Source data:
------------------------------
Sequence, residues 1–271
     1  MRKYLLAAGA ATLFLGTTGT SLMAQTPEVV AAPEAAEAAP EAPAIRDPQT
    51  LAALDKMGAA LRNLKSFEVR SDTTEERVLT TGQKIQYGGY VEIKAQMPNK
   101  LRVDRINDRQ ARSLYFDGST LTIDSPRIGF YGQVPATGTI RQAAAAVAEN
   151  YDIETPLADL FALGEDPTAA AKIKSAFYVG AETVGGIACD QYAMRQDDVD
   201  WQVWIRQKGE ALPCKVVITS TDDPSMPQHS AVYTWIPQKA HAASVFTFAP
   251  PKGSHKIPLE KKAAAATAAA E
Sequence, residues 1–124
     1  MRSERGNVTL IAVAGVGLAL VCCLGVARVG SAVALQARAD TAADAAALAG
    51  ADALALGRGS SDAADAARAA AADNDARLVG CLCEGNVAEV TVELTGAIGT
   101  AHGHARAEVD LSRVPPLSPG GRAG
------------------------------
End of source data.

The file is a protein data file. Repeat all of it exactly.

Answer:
Sequence, residues 1–271
     1  MRKYLLAAGA ATLFLGTTGT SLMAQTPEVV AAPEAAEAAP EAPAIRDPQT
    51  LAALDKMGAA LRNLKSFEVR SDTTEERVLT TGQKIQYGGY VEIKAQMPNK
   101  LRVDRINDRQ ARSLYFDGST LTIDSPRIGF YGQVPATGTI RQAAAAVAEN
   151  YDIETPLADL FALGEDPTAA AKIKSAFYVG AETVGGIACD QYAMRQDDVD
   201  WQVWIRQKGE ALPCKVVITS TDDPSMPQHS AVYTWIPQKA HAASVFTFAP
   251  PKGSHKIPLE KKAAAATAAA E
Sequence, residues 1–124
     1  MRSERGNVTL IAVAGVGLAL VCCLGVARVG SAVALQARAD TAADAAALAG
    51  ADALALGRGS SDAADAARAA AADNDARLVG CLCEGNVAEV TVELTGAIGT
   101  AHGHARAEVD LSRVPPLSPG GRAG